To legally stop Crandall’s school from operating, on May 24, 1833, the A.C.S. and its supporters established the “Black Law.” The law barred people of color from any state from attending a school in Connecticut and from residing therein. This demonstrated a point about the A.C.S. that William observed in one of his letters to May, “The Society embraces many excellent men, but however benevolent it may be in theory, its practical operation I am fully persuaded, is to aggravate the oppression of the free blacks.”

Many of the girls who attended the Canterbury School were from Philadelphia, Providence, New York City, and Boston. By keeping her school open, Prudence Crandall was violating the Black Law and a warrant was issued for her arrest. On June 27, 1833, Crandall was arrested by the county sheriff and arraigned by Justices Adams and Bacon, both of whom were involved with the A.C.S. Initially when Crandall was put in prison, she told May that she did not want to be bailed out because she knew that her case would cause citizens across the country to recognize the wickedness of the Black Law and cause a public outcry for its reversal. After a couple of days in prison, several newspapers printed stories about this racist law in Connecticut, and the public outcry began. Luckily, Samuel May was able to raise the funds through abolitionist circles to pay the $10,000 bond, and Crandall was released.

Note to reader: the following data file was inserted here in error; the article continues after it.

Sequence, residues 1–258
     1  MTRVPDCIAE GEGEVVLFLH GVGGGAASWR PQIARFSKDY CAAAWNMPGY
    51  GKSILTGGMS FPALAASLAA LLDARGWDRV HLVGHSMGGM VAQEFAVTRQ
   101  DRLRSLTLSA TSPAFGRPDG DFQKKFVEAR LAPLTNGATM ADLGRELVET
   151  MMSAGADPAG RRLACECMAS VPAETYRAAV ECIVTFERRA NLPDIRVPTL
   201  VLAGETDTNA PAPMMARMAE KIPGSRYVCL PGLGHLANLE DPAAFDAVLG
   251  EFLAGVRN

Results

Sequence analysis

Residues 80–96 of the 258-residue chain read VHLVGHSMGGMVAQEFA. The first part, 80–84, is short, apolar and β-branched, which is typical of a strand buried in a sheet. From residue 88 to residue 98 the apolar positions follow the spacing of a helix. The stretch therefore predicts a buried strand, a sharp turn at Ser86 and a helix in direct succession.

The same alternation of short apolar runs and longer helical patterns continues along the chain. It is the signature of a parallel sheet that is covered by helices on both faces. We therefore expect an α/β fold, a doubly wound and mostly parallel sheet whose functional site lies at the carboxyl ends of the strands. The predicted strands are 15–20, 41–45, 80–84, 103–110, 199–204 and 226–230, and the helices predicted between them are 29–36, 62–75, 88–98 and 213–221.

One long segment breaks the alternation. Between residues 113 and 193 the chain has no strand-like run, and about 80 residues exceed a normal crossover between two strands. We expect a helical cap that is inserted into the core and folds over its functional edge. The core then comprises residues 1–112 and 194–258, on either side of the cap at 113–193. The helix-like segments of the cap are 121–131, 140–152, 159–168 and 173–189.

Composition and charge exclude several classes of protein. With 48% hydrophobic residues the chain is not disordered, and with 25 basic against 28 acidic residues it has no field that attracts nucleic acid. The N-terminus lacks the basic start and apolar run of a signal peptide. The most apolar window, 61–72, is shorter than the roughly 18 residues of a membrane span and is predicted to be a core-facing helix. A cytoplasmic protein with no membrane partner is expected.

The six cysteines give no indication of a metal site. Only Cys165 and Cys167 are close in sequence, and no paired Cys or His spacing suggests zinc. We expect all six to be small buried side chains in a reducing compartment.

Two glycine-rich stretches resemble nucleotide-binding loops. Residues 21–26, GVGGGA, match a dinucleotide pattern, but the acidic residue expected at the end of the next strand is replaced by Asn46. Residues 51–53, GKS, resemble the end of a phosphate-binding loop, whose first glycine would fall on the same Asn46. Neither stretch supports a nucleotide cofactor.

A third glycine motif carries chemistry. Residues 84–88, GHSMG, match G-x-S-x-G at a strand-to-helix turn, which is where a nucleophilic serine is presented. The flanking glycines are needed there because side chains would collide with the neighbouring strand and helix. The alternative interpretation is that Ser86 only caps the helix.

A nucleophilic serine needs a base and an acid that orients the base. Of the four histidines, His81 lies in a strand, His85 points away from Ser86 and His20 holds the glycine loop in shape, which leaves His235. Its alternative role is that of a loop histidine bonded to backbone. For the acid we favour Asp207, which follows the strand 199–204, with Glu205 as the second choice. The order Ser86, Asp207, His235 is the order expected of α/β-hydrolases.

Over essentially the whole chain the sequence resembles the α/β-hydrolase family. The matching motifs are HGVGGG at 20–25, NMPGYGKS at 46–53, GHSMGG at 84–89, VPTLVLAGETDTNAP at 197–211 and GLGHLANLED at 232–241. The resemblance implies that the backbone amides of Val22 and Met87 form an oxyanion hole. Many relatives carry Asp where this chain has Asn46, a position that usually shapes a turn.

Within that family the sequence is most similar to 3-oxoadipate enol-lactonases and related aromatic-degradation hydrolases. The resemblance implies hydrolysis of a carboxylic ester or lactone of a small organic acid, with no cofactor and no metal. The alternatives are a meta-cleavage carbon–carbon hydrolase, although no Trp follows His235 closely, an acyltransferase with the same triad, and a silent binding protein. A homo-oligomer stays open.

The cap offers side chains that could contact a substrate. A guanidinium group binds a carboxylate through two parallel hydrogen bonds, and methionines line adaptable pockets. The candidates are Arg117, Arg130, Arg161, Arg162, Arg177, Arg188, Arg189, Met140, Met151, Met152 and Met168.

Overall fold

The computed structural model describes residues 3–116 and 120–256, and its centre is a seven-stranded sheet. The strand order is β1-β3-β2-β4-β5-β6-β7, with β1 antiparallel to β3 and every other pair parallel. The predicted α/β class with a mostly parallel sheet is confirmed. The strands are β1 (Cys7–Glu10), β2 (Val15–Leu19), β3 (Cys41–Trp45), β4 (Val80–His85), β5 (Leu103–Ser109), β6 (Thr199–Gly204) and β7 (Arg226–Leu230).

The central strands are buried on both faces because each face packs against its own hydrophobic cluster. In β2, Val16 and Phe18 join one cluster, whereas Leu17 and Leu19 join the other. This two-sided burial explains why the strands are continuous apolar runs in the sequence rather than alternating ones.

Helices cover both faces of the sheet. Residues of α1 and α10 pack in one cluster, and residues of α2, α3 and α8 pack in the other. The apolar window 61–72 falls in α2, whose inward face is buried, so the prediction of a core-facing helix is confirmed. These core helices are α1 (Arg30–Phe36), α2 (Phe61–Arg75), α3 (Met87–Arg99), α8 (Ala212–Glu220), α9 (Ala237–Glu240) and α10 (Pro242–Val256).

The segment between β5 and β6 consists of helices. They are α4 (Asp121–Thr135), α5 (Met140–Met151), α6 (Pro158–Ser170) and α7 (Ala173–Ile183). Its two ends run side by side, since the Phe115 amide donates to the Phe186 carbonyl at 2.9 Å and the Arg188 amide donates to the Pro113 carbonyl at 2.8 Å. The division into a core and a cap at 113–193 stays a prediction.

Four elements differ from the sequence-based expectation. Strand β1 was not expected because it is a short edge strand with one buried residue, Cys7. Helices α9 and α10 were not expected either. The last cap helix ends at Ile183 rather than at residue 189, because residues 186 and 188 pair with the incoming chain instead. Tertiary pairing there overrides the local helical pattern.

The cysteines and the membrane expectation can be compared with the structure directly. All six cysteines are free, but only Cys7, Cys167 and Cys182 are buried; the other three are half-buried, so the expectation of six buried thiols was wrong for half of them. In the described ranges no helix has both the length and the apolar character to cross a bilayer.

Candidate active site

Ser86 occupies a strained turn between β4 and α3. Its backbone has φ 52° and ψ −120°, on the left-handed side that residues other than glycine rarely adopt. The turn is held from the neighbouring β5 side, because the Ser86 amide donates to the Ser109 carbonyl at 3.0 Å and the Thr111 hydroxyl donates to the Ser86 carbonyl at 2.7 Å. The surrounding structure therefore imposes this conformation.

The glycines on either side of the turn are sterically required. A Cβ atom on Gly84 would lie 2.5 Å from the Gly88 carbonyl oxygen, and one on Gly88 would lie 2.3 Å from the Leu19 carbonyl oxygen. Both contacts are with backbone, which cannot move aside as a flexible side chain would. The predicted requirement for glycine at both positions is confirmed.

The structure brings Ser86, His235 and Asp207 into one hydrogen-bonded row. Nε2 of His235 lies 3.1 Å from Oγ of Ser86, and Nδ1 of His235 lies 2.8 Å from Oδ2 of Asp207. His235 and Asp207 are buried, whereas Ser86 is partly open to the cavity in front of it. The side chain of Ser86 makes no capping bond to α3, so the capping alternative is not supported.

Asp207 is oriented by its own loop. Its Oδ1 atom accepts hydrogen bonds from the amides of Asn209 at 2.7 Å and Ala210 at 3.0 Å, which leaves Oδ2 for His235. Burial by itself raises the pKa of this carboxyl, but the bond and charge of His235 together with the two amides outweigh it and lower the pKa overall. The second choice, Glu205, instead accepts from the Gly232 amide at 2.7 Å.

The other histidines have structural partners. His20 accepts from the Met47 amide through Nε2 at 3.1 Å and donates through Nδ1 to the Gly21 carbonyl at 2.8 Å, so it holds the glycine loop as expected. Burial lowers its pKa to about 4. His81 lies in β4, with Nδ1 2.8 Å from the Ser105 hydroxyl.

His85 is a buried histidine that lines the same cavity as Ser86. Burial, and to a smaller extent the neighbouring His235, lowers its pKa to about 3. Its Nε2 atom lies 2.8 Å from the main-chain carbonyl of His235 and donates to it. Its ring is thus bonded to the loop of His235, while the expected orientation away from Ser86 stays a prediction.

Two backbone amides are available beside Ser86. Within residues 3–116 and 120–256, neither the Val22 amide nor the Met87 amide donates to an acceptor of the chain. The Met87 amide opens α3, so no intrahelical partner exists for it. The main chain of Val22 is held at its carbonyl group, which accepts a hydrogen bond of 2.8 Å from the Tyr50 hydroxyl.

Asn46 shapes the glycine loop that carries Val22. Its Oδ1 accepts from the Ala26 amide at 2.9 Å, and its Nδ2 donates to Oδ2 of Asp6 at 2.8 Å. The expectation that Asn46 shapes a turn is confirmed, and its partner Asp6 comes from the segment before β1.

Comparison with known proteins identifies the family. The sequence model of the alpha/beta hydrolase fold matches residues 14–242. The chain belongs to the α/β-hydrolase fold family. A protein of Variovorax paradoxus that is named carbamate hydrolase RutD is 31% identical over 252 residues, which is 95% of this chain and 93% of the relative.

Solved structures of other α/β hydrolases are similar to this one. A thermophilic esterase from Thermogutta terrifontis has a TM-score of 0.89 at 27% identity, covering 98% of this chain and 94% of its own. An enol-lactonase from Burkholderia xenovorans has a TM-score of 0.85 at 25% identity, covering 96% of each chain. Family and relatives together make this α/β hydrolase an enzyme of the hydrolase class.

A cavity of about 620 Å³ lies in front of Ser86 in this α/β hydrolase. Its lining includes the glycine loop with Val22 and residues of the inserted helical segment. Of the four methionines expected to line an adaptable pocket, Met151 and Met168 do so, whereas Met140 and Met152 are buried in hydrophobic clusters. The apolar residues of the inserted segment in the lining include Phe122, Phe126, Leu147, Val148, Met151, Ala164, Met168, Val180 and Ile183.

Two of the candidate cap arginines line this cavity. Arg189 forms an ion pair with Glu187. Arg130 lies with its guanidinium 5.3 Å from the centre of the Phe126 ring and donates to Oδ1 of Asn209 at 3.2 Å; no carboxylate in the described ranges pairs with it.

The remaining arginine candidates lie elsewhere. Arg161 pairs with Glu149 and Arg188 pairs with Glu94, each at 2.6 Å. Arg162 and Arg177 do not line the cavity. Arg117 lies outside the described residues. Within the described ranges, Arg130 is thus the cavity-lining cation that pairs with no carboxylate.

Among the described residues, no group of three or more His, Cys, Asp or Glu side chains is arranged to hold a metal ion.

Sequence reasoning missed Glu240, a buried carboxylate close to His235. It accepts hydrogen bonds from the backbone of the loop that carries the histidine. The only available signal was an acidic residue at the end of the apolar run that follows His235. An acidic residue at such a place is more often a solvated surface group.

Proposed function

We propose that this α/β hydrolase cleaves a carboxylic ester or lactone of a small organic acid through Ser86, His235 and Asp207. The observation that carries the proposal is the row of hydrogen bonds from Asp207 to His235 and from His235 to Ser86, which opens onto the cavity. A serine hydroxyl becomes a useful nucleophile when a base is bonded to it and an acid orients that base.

Crandall was tried and convicted in the lower courts. The verdict was appealed to the Supreme Court of Connecticut in August of the same year. William Jay wrote to May: “On the late trial of Miss Crandall, it was thought expedient by her opponents to attempt to deprive our whole free colored population of the protection of the Constitution of the United States by denying that they were citizens. Should a second trial be had, it is possible that the annexed authorities may be of some use, and I will therefore commit them to your care, as I have not the honor of being acquainted with Miss Crandell’s counsel. With sincere respect for your exertions in the cause of humanity and freedom.”

Reversed on a technicality, all charges against Crandall were dropped. Upon her release, she attempted to transition back to normalcy, but the inhabitants of Canterbury thought the crisis of integration was too serious to depend on legal technicalities. Miss Crandall was driven from the town by persecution. The shops would not sell her food; her water well was filled with manure, and her house was smeared with filth and set on fire. Unwillingly to put her students in danger, Crandall closed her school in September of 1834.

William Jay continued to denounce the intentions of the A.C.S., most notably in his book, An Inquiry into the Character and Tendency of the American Colonization, and American Anti-Slavery Societies, which was published in 1835. The proceedings in Canterbury and the Trial of Prudence Crandall were featured in the book.

Prudence Crandall eventually settled in La Salle County, Illinois, where she ran a school and was active in the women’s suffrage movement. Connecticut officially repealed the Black Law in 1838. Crandall’s Canterbury school now houses the Prudence Crandall Museum, and in 1995 she was named Connecticut’s state heroine.